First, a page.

But the question remains, why is efficiency a value that is so pervasively taken for granted? If the answer seems commonsensical, then, I’d humbly suggest that we need to examine it all the more critically. Perhaps we will find that we value efficiency because this virtue native to the working of technical and instrumental systems has spilled over into what had previously been non-technical and non-instrumental realms of human experience. Our thinking is thus already shaped (to put it in the most neutral way possible) by the very technical systems we are trying to think about.
This is but one example of the dynamic. Our ability to think clearly about technology will depend in large measure on our ability to extricate our thinking from the criteria and logic native to technological systems. This is, I fully realize, a difficult task. I would never claim that I’ve achieved this clarity of thought myself, but I do believe that our thinking about technology depends on it.
There’s a lot more to be said, but I’ll leave it there for now. Your thoughts, as always, are welcome.
4 thoughts on “Are Human Enhancement and AI Incompatible?”
First of all, this was a really enjoyable piece and I want to thank you for sharing it. It certainly feeds my longtime interest in developments in AI as well as the ethical dimensions of AI development. Also, as an IT professional who works with managers who are technologically illiterate (not an insult, just a fact), I often find myself seeking ways of helping them understand the technology within a framework which is not native to our technological systems. If I were to try to explain the technology to them within the particular kinds of logical structures common to those systems, I would get absolutely nowhere. I’m grateful that their lack of expertise forces me to step outside of my discipline and think about technology within alternative frameworks, because I think that’s incredibly useful. Specifically, I think you’re right to question our assumption that efficiency in task completion is a good thing in every case. The efficiency of automation could for example keep us from developing the kinds of skills we need to live fulfilling lives as humans or posthuman beings.
I had a few responses to this post, Michael. Firstly, it encourages me to finally read and think a little more about transhumanism and posthumanism, which have been topics that feel scary and questionable as to their redeeming qualities.
Secondly, in regards to the extreme end games one may consider regarding artificial intelligence, robotics, nanotechnology, etc., I’m reminded of the fear some have regarding the high energy particle colliders and the creation of a black hole that would end the universe. (I remember you once asked my opinion on Virilio’s writing about black holes and the LHC, and I said that I thought he was misinformed in this particular area.) To most physicists this is a silly idea and a non-sequitur. At the same time, the idea has survived, in my view, partly to add danger and excitement to a topic the public may otherwise lose interest in. The scientists and engineers involved don’t believe this danger themselves, but in some way perpetuate the fear of it.
As for how to analyze technology without taking up the same assumptions, its an interesting question. I think its important to know what the assumptions are for the designers of a given technology. Looking at the question of optimizing efficiency, for example, as long as one agrees on the goals of a certain system, then it seems reasonable to try to make it efficient. This focus, however, tends to push other questions to the sideline, such as to whether the stated goals are really good goals, and whether the system may have other purposes. And getting even more general than technology, saying that people, or societies, or even economies should operate more efficiently assumes that one has already clarified the purposes and the goals of these entities.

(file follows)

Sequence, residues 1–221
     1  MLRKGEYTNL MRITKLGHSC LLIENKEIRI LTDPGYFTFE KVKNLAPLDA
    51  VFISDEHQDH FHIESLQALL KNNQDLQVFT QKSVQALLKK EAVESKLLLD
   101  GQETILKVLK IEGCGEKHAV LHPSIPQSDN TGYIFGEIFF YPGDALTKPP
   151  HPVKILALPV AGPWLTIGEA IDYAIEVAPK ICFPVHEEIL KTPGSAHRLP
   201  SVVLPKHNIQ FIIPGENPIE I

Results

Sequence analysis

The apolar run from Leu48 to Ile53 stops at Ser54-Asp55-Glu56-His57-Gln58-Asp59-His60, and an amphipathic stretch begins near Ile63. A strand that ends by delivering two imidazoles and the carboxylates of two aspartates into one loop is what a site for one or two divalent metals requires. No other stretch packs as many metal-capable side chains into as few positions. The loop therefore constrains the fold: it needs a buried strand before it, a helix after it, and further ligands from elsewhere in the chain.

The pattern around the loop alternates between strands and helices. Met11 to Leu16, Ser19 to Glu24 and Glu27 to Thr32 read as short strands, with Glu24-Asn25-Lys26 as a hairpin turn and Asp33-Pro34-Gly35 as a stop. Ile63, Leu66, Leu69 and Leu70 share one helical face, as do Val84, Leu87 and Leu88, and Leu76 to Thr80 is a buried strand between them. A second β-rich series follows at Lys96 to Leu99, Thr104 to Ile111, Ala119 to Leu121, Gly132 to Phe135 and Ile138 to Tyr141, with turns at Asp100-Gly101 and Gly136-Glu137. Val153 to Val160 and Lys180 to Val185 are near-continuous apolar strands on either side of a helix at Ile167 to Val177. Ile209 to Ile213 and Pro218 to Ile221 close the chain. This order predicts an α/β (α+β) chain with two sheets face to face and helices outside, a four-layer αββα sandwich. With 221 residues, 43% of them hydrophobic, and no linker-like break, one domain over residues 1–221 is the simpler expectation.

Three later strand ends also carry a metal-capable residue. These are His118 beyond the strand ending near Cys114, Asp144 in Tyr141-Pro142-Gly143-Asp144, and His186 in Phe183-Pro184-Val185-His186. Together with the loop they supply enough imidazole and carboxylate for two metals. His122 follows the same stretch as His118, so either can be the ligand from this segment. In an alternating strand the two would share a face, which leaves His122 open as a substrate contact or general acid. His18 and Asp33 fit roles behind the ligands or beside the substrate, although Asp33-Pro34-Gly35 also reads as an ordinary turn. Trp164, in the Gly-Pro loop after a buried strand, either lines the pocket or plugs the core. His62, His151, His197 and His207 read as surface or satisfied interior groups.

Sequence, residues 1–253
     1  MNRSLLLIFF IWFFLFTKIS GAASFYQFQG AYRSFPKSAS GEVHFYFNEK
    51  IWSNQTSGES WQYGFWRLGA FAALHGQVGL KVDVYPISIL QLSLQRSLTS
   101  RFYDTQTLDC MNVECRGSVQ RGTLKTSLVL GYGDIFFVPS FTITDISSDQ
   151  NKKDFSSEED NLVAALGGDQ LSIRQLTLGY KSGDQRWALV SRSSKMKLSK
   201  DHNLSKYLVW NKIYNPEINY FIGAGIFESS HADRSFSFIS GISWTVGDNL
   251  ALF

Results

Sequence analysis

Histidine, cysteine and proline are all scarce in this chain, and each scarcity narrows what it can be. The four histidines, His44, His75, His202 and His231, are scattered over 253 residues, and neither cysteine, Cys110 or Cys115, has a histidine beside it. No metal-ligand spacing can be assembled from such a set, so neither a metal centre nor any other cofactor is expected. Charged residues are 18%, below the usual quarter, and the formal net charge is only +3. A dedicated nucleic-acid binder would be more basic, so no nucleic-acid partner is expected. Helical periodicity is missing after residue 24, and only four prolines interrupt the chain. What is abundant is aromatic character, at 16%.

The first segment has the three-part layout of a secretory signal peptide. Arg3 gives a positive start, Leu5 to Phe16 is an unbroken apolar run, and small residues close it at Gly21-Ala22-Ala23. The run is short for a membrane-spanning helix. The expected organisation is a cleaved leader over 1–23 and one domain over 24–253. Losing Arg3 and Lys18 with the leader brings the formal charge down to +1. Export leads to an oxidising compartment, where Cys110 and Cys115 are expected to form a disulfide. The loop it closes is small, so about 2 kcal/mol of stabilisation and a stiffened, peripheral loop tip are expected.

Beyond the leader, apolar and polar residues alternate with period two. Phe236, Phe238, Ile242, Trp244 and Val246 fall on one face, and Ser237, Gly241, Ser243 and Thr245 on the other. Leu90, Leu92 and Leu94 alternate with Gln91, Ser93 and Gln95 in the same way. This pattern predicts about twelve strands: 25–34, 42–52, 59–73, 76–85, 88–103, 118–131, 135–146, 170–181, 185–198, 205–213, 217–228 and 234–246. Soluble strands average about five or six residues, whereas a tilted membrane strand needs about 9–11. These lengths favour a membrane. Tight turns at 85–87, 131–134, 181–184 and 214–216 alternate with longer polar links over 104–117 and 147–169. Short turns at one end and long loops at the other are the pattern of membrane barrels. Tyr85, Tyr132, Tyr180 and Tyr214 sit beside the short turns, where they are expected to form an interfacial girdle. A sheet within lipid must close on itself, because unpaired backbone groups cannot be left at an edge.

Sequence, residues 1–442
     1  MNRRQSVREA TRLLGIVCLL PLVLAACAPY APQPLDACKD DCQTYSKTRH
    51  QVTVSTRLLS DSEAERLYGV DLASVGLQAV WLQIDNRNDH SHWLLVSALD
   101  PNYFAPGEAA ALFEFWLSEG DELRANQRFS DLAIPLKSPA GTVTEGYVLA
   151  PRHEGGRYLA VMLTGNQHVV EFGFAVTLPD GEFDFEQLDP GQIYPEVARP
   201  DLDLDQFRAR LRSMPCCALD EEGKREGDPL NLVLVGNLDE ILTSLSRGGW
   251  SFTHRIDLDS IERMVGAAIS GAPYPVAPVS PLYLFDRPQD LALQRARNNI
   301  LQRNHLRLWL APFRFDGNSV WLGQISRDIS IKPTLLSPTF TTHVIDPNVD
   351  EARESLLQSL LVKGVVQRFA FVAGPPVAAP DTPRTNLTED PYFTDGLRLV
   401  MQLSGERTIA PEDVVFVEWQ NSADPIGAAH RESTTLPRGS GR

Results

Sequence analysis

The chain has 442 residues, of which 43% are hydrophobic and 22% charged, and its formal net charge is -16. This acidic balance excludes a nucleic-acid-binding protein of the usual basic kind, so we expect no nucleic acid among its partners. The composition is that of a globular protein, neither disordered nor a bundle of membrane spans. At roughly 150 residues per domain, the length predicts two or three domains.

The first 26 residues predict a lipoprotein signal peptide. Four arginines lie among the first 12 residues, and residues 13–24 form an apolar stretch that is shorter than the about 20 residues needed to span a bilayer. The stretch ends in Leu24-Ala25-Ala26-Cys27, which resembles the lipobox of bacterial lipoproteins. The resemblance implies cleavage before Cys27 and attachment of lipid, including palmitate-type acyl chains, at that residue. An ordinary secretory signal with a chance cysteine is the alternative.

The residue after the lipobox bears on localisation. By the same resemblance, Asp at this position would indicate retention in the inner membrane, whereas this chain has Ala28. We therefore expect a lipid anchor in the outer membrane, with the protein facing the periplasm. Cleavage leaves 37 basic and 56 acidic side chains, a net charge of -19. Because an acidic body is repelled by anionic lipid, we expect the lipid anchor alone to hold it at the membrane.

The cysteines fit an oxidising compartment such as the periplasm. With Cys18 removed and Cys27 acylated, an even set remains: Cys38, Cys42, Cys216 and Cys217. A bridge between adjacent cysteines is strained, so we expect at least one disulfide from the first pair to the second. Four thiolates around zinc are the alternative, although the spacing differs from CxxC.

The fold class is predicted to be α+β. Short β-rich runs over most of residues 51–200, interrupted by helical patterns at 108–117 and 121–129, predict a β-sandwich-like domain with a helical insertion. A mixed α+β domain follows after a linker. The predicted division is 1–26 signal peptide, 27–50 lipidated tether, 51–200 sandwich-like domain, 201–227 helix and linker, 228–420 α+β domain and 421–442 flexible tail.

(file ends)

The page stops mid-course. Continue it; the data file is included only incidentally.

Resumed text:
I sometimes try to think about this question of efficiency when I think about French bureaucracy. Sometimes I find it very slow and frustrating. I get angry and imagine that if I had the power, I would try to make it more efficient. Sometimes, however, I realize that the system is serving different goals than I initially imagined. For example, this slow system provides job security for a large number of government workers. It also can provide a kind of resilience and primacy for human intervention that more narrowly focused technical systems may not have.
These were a few thoughts inspired by your post.
This is a really interesting piece and I like your call for a reflection on the instant value placed on anything enhancing efficiency, particularly combined with the Emerson quote on your latest blog post.
As a society we are so ready to embrace anything that enhances efficiency without stopping to think about what we actually lose when we think we are gaining something. Emails are a good example. At first they were probably considered a more efficient medium than the post. Now, they are so easy to send and to copy to so many people that many of us are inundated by emails and the truly pertinent information we need often gets lost or takes so long to find that this instant communication has, in fact, become ineffective.
When you combine anticipated efficiency with enhanced AI there is definitely a need to think through the implications of what this might mean in terms of human advancement. And, more importantly, to accept that we cannot know what the implications might be.
This piece is so well reasoned and insightful. You make some very good points about the way in which humanity approaches the edges of the future blindly feeling about with irrational fears and unfounded hope. The problem is that the people who are developing technologies are only focused on the thing they are developing and rarely think about how it will be used. Oppenheimer and Einstein made the atomic bombing of Japan a possibility, but were in no way thinking of that possibility when they were working. They were working to solve certain problems without the ability to extrapolate the new set of problems their solutions would engender. Human beings are short sighted creatures with enormous curiosity. But is it possible to contain that curiosity within a framework of logical reasoning when their are so many parameters and points of view to consider. We do need to find ways to look at progress through a lens that allows us to see our next steps more detachment and consider these steps from points of view that lie outside normal human experience, but is this possible? Our current health care systems are a good example of technology that has both enhanced and detracted from our quality of life. We live longer, but some of us are living trapped in failing bodies waiting to die, but what is the alternative and how do we arrive at it as a group, all 6 billion of us.